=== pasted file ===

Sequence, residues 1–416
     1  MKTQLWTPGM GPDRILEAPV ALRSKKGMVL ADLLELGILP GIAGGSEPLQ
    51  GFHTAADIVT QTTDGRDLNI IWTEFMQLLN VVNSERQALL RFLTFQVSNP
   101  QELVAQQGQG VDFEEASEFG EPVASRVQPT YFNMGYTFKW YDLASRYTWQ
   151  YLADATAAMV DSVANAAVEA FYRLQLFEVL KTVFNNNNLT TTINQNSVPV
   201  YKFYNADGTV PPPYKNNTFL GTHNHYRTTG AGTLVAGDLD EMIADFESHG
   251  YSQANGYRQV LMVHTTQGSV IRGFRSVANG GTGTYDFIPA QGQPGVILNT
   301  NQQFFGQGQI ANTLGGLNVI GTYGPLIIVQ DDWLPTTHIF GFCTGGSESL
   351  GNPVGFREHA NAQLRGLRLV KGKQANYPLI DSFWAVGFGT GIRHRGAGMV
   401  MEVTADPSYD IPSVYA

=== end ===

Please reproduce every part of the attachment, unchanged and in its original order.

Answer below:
Sequence, residues 1–416
     1  MKTQLWTPGM GPDRILEAPV ALRSKKGMVL ADLLELGILP GIAGGSEPLQ
    51  GFHTAADIVT QTTDGRDLNI IWTEFMQLLN VVNSERQALL RFLTFQVSNP
   101  QELVAQQGQG VDFEEASEFG EPVASRVQPT YFNMGYTFKW YDLASRYTWQ
   151  YLADATAAMV DSVANAAVEA FYRLQLFEVL KTVFNNNNLT TTINQNSVPV
   201  YKFYNADGTV PPPYKNNTFL GTHNHYRTTG AGTLVAGDLD EMIADFESHG
   251  YSQANGYRQV LMVHTTQGSV IRGFRSVANG GTGTYDFIPA QGQPGVILNT
   301  NQQFFGQGQI ANTLGGLNVI GTYGPLIIVQ DDWLPTTHIF GFCTGGSESL
   351  GNPVGFREHA NAQLRGLRLV KGKQANYPLI DSFWAVGFGT GIRHRGAGMV
   401  MEVTADPSYD IPSVYA